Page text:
Michigan Sentiment Survey: every component of the index fell in early November, painting a picture of one cranky consumer

TGIFriday the 13th.  Earlier this morning, the Commerce Department reported a 36.5 billion trade deficit in September, nearly 5 billion above expectations.  This represents an 18.2% increase in the total deficit, the largest increase since February 1999.  The increase was due to a 5.8% increase in imports, the largest since March 1993.

Both imports and exports were on the rise to their highest levels since December 2008.  The release points to a pickup in global demand.  October Import Prices were also released, up .7%, just a touch under expectations of 1.0%.  Petroleum prices did the damage, up .9%.  Import prices are also being supported by a falling dollar which is off nearly 13% this year alone.

The Michigan Sentiment Survey was the last piece of this morning’s data.  The index fell nearly 4 points to 66.0.  Every component of the index fell in early November, painting a picture of one cranky consumer.  It also gives credence to yesterday’s MBA Purchase Index which fell to 9 year lows.  Overall, the release looked disastrous but the devil was in the details as longer term inflation expectations are beginning to rise.  While the one year inflation bogey fell, the three to five year expectations were up .3%.  This will be on the Fed’s radar.

On the release, bonds rallied but were quickly met with fast money sellers.  Books profits from auction longs with the chart right up against resistance just made sense.  Currently, the 10 year note is off its highs but still up 2/32’s to yield 3.44%.  As we mentioned yesterday, a close below 3.45% will confirm a “technically bullish” chart and increase the probability of better mortgage pricing.  Mortgage backs have had a good day, tightening their spread to the 10 year note.  Current coupon 4.50% FNMA/FHLMC is up 7/32’s (we priced up 6/32’s).  Stocks began the day near unchanged but are now up 75 on the big board.

We like the market for a number of reasons but must also caution you on its proximity to resistance.  We are just a few ticks away from the 76% fibo retracement level which has stone walled the 10 year note for the past few days.  Shorter term oscillators are creeping into overbought levels as well.  Nothing huge here but with mortgage pricing at current levels, but be careful.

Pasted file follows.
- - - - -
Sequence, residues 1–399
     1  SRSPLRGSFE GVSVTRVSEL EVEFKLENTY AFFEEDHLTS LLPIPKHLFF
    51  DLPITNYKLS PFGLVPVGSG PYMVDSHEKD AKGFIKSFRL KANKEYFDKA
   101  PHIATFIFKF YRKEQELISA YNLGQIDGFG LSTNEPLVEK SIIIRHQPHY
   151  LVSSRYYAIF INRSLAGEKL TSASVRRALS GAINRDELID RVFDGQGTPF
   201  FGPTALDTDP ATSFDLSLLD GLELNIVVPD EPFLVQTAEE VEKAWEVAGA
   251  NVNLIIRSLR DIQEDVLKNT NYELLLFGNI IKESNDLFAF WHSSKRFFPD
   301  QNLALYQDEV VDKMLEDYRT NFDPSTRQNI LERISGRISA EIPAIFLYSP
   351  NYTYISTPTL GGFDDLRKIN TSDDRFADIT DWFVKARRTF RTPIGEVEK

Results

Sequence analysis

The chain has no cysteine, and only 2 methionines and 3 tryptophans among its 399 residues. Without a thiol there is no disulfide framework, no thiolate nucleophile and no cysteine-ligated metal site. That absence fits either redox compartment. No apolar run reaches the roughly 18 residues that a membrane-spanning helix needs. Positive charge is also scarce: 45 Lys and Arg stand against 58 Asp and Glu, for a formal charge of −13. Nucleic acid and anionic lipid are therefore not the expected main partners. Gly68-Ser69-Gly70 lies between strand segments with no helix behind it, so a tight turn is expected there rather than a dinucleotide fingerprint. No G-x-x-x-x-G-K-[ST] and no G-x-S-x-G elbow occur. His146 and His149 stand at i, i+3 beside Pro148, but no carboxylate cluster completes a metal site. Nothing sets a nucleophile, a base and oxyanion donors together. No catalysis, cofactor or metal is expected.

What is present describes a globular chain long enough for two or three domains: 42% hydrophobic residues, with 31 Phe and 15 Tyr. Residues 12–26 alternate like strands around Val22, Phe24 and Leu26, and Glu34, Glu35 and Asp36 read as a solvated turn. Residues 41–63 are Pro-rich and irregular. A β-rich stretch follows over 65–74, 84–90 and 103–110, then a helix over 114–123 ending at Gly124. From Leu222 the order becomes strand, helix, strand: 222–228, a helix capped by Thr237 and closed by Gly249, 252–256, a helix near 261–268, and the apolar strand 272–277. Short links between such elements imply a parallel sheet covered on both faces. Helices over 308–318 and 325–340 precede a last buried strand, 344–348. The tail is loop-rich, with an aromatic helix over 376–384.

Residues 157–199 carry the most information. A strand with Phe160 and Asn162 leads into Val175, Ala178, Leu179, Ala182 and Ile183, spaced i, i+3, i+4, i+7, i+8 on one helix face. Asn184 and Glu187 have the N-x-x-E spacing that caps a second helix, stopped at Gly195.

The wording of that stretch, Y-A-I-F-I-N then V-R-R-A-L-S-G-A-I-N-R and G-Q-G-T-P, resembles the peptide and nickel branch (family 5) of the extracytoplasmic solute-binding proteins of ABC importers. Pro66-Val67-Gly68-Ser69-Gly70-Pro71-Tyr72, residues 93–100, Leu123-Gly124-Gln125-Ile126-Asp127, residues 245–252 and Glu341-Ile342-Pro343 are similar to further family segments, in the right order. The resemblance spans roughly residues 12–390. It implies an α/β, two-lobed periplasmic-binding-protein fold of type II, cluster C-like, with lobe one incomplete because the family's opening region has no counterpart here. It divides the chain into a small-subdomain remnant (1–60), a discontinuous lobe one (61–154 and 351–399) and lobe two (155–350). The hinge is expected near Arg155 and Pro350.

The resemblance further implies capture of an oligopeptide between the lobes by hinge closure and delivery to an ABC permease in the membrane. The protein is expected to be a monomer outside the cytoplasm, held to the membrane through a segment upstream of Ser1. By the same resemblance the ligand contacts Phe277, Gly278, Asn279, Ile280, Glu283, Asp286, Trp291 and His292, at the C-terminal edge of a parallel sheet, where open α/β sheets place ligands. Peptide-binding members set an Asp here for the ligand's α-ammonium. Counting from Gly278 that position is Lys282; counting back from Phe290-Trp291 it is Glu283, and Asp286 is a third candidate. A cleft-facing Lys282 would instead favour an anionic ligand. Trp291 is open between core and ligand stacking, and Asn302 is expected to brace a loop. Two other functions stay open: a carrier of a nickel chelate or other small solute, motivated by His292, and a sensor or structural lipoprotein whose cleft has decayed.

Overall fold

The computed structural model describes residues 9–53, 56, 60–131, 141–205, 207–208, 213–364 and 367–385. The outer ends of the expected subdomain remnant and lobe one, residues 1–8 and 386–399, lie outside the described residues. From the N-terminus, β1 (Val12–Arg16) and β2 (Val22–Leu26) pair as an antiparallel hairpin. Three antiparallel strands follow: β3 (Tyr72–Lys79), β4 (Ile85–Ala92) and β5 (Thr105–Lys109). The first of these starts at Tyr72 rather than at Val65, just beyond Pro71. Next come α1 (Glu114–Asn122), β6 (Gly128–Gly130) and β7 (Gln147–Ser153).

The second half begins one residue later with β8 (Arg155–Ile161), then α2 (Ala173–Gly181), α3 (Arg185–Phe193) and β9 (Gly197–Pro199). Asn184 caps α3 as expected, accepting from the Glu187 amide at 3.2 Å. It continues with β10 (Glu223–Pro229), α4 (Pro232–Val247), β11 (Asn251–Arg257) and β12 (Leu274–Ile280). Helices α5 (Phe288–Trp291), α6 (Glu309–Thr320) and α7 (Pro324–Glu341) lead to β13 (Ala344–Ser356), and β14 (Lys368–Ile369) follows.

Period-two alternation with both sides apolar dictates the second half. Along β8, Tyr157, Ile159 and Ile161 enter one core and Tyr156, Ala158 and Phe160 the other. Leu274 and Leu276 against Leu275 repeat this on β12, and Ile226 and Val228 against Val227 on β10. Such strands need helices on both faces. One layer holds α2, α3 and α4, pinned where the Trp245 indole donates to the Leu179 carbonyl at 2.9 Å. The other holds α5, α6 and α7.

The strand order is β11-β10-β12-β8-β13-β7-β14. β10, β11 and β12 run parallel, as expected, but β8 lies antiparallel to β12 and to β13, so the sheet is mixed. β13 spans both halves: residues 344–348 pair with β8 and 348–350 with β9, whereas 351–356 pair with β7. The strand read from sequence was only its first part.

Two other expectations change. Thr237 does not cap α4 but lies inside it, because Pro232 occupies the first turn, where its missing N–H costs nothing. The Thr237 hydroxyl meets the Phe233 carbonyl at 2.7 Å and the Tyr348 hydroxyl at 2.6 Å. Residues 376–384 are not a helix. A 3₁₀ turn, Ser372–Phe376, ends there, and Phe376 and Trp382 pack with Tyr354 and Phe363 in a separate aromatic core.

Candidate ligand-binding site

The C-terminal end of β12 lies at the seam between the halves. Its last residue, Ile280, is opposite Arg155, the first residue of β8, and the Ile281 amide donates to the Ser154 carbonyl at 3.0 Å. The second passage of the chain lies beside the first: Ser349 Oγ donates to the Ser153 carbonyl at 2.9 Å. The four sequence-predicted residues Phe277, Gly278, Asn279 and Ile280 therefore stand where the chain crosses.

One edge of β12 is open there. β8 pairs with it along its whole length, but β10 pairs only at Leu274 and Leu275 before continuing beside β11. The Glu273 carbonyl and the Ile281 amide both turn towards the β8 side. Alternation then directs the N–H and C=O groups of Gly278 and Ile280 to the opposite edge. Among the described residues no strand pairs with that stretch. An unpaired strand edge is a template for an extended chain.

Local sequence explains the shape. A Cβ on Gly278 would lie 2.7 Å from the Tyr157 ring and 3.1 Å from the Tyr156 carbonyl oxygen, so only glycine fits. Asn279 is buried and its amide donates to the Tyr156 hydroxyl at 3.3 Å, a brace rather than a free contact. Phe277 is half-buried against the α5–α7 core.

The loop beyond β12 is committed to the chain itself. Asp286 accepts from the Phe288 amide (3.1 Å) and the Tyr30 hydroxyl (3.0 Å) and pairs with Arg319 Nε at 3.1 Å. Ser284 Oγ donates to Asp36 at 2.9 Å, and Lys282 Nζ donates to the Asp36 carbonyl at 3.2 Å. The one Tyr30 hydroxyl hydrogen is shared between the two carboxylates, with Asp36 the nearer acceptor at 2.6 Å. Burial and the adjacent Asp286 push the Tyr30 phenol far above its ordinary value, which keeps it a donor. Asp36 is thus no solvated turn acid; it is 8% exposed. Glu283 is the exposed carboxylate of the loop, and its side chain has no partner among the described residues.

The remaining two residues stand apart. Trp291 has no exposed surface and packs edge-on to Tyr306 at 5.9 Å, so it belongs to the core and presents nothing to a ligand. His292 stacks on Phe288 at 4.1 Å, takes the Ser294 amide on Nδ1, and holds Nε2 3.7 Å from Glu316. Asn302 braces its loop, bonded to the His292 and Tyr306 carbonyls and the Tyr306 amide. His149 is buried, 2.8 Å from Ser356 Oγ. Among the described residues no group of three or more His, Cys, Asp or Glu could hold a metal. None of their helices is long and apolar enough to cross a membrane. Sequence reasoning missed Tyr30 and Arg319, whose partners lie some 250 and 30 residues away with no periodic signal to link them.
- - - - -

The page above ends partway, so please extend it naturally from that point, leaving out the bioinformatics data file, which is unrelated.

Overall, a pretty nice day even if its Friday the 13th.  Speaking of Friday the 13th, contrary to you horror film freaks, it is not about Jason or Freddie.  The fear of Friday the 13th is called “paraskevidekatriaphobia”, a word derived from the concatenation of the Greek words “Paraskevi”, “dekatreis”, and “phobia”.  According to folklore, there is no written evidence for a “Friday the 13th” superstition before the 19th century.  The earliest know documented reference occurred in a 1869 biography of Gioachino Rossini.  Rossini regarded Friday as an unlucky day and the 13th as an unlucky number.  Funny that he died on Friday the 13th.  Modern day folklore regards the day as either a day of good luck or one of bad luck.  Let’s take the positive side and have a good luck day!  We’ll try to wrap this mess up later today.

About Max Leaman Austin Mortgage

GREAT RATES, LOW FEES, CLOSE ON TIME™ ---- 2012 Ranked #1 Austin Residential Mortgage Lender (Austin Business Journal) 2010, 2011 & 2012 Five Star Professional (Texas Monthly) 2009, 2010, 2011, 2012, 2013 PrimeLending Chairman's Circle Award 2009, 2010, 2011, 2012 Scotsman Guide Top Originator (Top 200 Mortgage Professionals in U.S.A.) Better Business Bureau "A+ Rating" National Lender Rankings (Scotsman Guide): Top Purchase Volume (No. 10) Most Loans Closed (No. 32) Top Dollar Volume (No. 88)

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